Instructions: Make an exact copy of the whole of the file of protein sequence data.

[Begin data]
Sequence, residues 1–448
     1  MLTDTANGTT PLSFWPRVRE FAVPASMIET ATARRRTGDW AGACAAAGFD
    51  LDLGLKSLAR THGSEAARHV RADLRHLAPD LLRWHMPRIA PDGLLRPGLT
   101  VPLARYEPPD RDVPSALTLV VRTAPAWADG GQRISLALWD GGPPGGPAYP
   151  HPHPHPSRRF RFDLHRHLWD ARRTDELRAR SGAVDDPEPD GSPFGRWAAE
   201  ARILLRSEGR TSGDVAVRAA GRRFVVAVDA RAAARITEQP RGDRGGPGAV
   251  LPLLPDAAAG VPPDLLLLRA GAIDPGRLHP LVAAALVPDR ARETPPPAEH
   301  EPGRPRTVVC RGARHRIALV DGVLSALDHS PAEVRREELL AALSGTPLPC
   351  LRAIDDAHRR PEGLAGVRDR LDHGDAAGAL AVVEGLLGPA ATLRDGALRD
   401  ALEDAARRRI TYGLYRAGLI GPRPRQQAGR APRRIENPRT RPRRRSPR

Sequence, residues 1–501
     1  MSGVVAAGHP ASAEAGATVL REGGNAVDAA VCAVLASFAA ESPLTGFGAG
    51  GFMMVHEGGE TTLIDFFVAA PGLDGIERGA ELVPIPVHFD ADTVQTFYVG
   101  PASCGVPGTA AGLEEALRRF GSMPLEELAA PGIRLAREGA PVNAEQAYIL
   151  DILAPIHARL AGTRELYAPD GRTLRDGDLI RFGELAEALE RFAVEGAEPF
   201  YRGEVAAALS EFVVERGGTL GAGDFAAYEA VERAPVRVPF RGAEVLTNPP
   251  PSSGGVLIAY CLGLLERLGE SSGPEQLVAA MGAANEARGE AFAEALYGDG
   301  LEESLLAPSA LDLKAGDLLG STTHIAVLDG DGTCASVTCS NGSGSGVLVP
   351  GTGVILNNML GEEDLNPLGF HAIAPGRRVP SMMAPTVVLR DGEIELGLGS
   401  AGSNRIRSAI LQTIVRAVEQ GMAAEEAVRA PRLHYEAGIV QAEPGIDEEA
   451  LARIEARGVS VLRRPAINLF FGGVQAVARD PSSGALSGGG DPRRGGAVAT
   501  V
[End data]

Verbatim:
Sequence, residues 1–448
     1  MLTDTANGTT PLSFWPRVRE FAVPASMIET ATARRRTGDW AGACAAAGFD
    51  LDLGLKSLAR THGSEAARHV RADLRHLAPD LLRWHMPRIA PDGLLRPGLT
   101  VPLARYEPPD RDVPSALTLV VRTAPAWADG GQRISLALWD GGPPGGPAYP
   151  HPHPHPSRRF RFDLHRHLWD ARRTDELRAR SGAVDDPEPD GSPFGRWAAE
   201  ARILLRSEGR TSGDVAVRAA GRRFVVAVDA RAAARITEQP RGDRGGPGAV
   251  LPLLPDAAAG VPPDLLLLRA GAIDPGRLHP LVAAALVPDR ARETPPPAEH
   301  EPGRPRTVVC RGARHRIALV DGVLSALDHS PAEVRREELL AALSGTPLPC
   351  LRAIDDAHRR PEGLAGVRDR LDHGDAAGAL AVVEGLLGPA ATLRDGALRD
   401  ALEDAARRRI TYGLYRAGLI GPRPRQQAGR APRRIENPRT RPRRRSPR

Sequence, residues 1–501
     1  MSGVVAAGHP ASAEAGATVL REGGNAVDAA VCAVLASFAA ESPLTGFGAG
    51  GFMMVHEGGE TTLIDFFVAA PGLDGIERGA ELVPIPVHFD ADTVQTFYVG
   101  PASCGVPGTA AGLEEALRRF GSMPLEELAA PGIRLAREGA PVNAEQAYIL
   151  DILAPIHARL AGTRELYAPD GRTLRDGDLI RFGELAEALE RFAVEGAEPF
   201  YRGEVAAALS EFVVERGGTL GAGDFAAYEA VERAPVRVPF RGAEVLTNPP
   251  PSSGGVLIAY CLGLLERLGE SSGPEQLVAA MGAANEARGE AFAEALYGDG
   301  LEESLLAPSA LDLKAGDLLG STTHIAVLDG DGTCASVTCS NGSGSGVLVP
   351  GTGVILNNML GEEDLNPLGF HAIAPGRRVP SMMAPTVVLR DGEIELGLGS
   401  AGSNRIRSAI LQTIVRAVEQ GMAAEEAVRA PRLHYEAGIV QAEPGIDEEA
   451  LARIEARGVS VLRRPAINLF FGGVQAVARD PSSGALSGGG DPRRGGAVAT
   501  V